An adjective which describes is called a descriptive adjective .
- Most adjectives are descriptive.
- Eg: round, cold, red, angry, graceful, excessive, young, sudden, Roman.
- Eg: A young woman.
An adjective which points out or designates is called a definitive adjective .
- Definitive adjectives include pronouns used as adjectives (as, this opportunity, those pictures, either table and what time is it?).
- Numeral adjectives (as, two stars, the third year) and the articles…a (or an) and the.
- Eg: There were two men.
Many descriptive adjectives are compound adjectives such as,—steadfast, lionlike, fireproof, downright, heartsick, everlasting, brown-eyed, broad-shouldered, ill-tempered, dear-bought, far-fetched, never-ending, self-evident, self-important.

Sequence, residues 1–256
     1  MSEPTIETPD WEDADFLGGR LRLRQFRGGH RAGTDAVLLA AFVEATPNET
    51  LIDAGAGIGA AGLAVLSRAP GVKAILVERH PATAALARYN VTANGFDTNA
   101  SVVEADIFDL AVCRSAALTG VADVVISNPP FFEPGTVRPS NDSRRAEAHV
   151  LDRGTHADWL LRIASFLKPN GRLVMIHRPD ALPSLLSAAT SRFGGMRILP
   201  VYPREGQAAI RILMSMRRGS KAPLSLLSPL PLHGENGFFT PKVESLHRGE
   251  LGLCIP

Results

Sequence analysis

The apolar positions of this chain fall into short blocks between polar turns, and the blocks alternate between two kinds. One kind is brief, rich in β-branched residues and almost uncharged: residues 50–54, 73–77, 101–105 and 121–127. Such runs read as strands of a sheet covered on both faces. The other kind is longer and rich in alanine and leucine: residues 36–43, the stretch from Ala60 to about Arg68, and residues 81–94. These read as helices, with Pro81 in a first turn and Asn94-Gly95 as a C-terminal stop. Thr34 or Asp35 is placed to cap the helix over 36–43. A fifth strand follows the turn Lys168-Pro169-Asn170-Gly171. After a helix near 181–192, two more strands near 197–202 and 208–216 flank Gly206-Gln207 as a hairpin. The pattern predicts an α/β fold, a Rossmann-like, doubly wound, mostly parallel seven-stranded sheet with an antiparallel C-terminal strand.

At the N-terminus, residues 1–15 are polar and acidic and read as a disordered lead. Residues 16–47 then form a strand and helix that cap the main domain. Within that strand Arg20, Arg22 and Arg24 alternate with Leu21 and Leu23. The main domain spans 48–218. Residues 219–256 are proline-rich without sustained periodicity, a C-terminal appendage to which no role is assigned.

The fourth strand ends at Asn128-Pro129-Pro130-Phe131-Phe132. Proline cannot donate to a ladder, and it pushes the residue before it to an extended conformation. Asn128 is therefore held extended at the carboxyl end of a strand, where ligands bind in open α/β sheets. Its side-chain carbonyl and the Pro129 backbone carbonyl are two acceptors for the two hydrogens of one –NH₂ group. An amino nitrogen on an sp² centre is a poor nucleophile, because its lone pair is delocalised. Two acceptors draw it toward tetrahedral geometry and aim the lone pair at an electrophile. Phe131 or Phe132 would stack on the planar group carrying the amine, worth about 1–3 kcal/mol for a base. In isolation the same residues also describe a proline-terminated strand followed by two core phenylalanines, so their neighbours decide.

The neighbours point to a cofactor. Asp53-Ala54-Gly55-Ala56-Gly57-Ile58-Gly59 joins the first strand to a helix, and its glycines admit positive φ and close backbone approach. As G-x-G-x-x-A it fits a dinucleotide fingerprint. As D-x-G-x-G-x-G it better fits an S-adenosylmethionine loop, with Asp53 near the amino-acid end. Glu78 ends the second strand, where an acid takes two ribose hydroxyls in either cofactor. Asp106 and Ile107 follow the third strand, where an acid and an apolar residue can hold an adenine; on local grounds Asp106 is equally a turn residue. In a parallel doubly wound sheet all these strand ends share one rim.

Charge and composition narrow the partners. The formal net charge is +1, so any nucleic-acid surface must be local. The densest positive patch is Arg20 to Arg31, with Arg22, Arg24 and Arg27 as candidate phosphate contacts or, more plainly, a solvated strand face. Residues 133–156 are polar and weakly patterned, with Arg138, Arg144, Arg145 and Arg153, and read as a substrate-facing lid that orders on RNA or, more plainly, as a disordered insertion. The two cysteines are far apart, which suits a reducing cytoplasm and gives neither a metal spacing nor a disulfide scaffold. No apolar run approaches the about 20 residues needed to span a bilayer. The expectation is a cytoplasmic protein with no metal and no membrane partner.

Eg: She is a blue-eyed beauty.
A proper noun used as an adjective or an adjective derived from a proper noun is called a proper adjective.
- Usually begins with a capital letter.
- Many so-called proper adjectives begin with a small letter because their origin is forgotten or disregarded such as…..china dishes, italic type, mesmeric power, a jovial air, a saturnine expression, a mercurial temperament, a stentorian voice.
- Examples : a Panama hat, Florida oranges, a Bunsen burner; Virginian, Spenserian, Newtonian, Icelandic, Miltonic, Byronic, Turkish, English, Veronese.
Adjectives may be classified, according to their position in the sentence as attributive adjectives, appositive adjectives and predicate adjectives .
- An attributive adjective is closely attached to its noun and regularly precedes it.
Eg: Pam has long and slender legs.
- An appositive adjective is added to its noun to explain it, like a noun in apposition.
Noun in Apposition : The castle, a ruin, stood on the edge of the cliff.
Appositive Adjective : The castle, ancient and ruinous, stood on the edge of the cliff.